Transcriptomics,Genomics

Dataset Information

41

Prenatal ethanol exposure alters adult hippocampal VGLUT2 expression with concomitant changes in promoter DNA methylation, H3K4 trimethylation and miR-467b-5p levels


ABSTRACT: Background Maternal consumption of alcohol during pregnancy is associated with a range of physical, cognitive and behavioural outcomes in the offspring which are collectively called fetal alcohol spectrum disorders. We and others have proposed that epigenetic modifications, such as DNA methylation and post-translational histone modifications, mediate the effects of prenatal alcohol exposure on gene expression and, ultimately, phenotype. Here we use an inbred C57BL/6J mouse model of early gestational ethanol exposure equivalent, developmentally, to the first 3-4 weeks of pregnancy in humans to examine the long-term effects on gene expression and epigenetic state in the hippocampus. Results Gene expression analysis in the hippocampus revealed sex- and age-specific up-regulation of solute carrier family 17 member 6 (Slc17a6), which encodes vesicular glutamate transporter 2 (VGLUT2). Transcriptional up-regulation correlated with decreased DNA methylation and enrichment of histone H3 lysine 4 trimethylation, an active chromatin mark, at the Slc17a6 promoter. In contrast to Slc17a6 mRNA levels, hippocampal VGLUT2 protein levels were significantly decreased in adult ethanol-exposed offspring, suggesting an additional level of post-transcriptional control. MicroRNA expression profiling in the hippocampus identified four ethanol-sensitive microRNAs, of which miR-467b-5p was predicted to target Slc17a6. In vitro reporter assays showed that miR-467b-5p specifically interacted with the 3’ UTR of Slc17a6, suggesting that it contributes to the reduction of hippocampal VGLUT2 in vivo. A significant correlation between microRNA expression in the hippocampus and serum of ethanol-exposed offspring was also observed. Conclusions Prenatal ethanol exposure has complex transcriptional and post-transcriptional effects on Slc17a6 (VGLUT2) expression in the mouse hippocampus. These effects are observed following a relatively moderate exposure that is restricted to early pregnancy, modelling human consumption of alcohol before pregnancy is confirmed, and are only apparent in male offspring in adulthood. We propose that altered epigenetic and microRNA-mediated regulation of glutamate neurotransmission in the hippocampus contributes to the cognitive and behavioural phenotypes observed in fetal alcohol spectrum disorders. Our findings also support the idea that circulating microRNAs could be used as biomarkers of early gestational ethanol exposure and/or hippocampal dysfunction. Overall design: Hippocampus, male, 12 weeks old. Two groups, ethanol-exposed (EtOH) and Control, with 6 replicates per group.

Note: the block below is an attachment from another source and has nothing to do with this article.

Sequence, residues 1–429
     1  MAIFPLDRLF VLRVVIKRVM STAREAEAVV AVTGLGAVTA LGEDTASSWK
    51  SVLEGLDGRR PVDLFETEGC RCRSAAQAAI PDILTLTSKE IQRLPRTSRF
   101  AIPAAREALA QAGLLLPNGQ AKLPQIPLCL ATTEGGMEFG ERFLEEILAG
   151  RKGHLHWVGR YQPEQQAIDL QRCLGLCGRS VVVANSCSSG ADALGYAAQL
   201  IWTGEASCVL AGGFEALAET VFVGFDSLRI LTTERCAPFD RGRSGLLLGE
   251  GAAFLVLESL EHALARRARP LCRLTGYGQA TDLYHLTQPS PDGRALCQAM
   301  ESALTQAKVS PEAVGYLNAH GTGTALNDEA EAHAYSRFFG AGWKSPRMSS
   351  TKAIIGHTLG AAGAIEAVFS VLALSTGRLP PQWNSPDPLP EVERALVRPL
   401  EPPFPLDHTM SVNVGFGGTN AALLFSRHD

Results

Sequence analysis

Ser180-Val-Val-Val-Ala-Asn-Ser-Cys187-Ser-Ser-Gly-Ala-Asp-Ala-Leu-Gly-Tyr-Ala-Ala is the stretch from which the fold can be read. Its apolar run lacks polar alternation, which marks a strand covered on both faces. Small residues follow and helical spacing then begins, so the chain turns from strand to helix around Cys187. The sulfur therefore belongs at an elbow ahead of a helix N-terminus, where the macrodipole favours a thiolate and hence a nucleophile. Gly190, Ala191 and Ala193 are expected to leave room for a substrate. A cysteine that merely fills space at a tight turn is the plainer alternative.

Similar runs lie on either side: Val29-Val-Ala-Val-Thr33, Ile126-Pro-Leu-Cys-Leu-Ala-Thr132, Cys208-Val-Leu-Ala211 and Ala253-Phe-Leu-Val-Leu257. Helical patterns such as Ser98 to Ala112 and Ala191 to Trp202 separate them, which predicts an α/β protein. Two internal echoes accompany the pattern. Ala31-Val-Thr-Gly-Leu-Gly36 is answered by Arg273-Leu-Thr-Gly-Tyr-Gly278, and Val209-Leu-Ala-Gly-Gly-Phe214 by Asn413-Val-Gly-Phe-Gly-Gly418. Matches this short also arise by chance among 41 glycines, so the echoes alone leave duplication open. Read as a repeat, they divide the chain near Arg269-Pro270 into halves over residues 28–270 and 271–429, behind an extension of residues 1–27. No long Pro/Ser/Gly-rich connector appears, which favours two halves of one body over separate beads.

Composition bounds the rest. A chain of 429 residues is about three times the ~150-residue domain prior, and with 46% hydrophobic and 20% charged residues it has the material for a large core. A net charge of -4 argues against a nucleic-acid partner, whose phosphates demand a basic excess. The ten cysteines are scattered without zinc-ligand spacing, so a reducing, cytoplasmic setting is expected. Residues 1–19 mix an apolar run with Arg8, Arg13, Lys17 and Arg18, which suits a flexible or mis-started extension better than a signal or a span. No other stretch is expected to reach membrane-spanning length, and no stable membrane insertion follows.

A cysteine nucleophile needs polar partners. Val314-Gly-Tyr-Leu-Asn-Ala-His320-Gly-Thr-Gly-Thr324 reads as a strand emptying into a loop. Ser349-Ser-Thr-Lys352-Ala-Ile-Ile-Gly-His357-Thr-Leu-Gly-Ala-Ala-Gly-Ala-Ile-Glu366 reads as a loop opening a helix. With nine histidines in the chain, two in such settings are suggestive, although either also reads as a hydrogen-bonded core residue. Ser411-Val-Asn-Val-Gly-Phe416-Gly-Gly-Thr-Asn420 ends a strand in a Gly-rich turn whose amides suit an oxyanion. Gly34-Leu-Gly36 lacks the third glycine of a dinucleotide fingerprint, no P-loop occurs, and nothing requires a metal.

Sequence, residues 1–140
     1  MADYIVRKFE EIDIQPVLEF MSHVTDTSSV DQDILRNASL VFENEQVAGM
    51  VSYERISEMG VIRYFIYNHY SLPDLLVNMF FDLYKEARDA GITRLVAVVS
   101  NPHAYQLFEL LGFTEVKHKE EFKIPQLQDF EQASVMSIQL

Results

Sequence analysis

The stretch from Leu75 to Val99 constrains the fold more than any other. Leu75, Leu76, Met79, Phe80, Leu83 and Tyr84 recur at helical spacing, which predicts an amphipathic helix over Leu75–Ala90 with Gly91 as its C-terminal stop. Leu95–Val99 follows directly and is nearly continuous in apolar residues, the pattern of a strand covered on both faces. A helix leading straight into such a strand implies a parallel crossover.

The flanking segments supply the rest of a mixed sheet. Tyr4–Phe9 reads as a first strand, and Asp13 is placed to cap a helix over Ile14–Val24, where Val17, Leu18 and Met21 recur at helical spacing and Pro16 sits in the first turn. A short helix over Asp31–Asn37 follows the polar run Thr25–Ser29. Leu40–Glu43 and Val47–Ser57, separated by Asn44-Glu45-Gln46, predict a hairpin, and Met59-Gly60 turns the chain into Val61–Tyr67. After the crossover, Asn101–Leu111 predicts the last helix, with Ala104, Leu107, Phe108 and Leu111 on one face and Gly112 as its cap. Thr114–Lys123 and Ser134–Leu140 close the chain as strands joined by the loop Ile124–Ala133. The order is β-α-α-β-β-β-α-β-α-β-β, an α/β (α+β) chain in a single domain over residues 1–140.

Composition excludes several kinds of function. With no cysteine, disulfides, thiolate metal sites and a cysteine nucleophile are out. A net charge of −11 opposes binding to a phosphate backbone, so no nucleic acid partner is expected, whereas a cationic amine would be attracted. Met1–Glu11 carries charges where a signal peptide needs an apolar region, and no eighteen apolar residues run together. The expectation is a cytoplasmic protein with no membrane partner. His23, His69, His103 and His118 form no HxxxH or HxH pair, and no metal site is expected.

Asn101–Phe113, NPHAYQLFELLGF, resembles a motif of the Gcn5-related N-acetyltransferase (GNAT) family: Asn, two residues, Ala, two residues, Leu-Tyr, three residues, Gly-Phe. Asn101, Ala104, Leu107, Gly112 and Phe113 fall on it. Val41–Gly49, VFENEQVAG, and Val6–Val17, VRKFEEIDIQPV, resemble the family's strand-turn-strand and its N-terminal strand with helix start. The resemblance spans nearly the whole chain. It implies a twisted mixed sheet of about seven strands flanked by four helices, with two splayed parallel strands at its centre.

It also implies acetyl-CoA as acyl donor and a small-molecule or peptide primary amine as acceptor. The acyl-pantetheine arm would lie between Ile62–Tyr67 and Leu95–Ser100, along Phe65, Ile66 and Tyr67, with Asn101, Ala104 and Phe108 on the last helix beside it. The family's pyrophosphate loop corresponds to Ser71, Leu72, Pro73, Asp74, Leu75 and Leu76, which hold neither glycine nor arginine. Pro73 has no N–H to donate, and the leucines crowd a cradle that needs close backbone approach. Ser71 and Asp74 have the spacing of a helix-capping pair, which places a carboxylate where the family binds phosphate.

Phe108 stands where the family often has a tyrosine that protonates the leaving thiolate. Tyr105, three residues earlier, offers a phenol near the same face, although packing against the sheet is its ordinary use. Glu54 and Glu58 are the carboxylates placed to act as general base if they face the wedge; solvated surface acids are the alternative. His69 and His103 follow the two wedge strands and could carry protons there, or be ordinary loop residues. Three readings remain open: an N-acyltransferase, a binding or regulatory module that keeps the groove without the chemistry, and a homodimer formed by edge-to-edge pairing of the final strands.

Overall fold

INSTRUMENT(S): Illumina MouseWG-6 v2.0 expression beadchip

SUBMITTER: Suyinn Chong 

PROVIDER: GSE60000 | GEO | 2015-10-09

SECONDARY ACCESSION(S): PRJNA257252

REPOSITORIES: GEO

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Publications

Prenatal ethanol exposure alters adult hippocampal VGLUT2 expression with concomitant changes in promoter DNA methylation, H3K4 trimethylation and miR-467b-5p levels.

Zhang Christine R CR   Ho Mei-Fong MF   Vega Michelle C Sanchez MC   Burne Thomas H J TH   Chong Suyinn S  

Epigenetics & chromatin 20150928


BACKGROUND: Maternal consumption of alcohol during pregnancy is associated with a range of physical, cognitive and behavioural outcomes in the offspring which are collectively called foetal alcohol spectrum disorders. We and others have proposed that epigenetic modifications, such as DNA methylation and post-translational histone modifications, mediate the effects of prenatal alcohol exposure on gene expression and, ultimately, phenotype. Here we use an inbred C57BL/6J mouse model of early gesta  ...[more]

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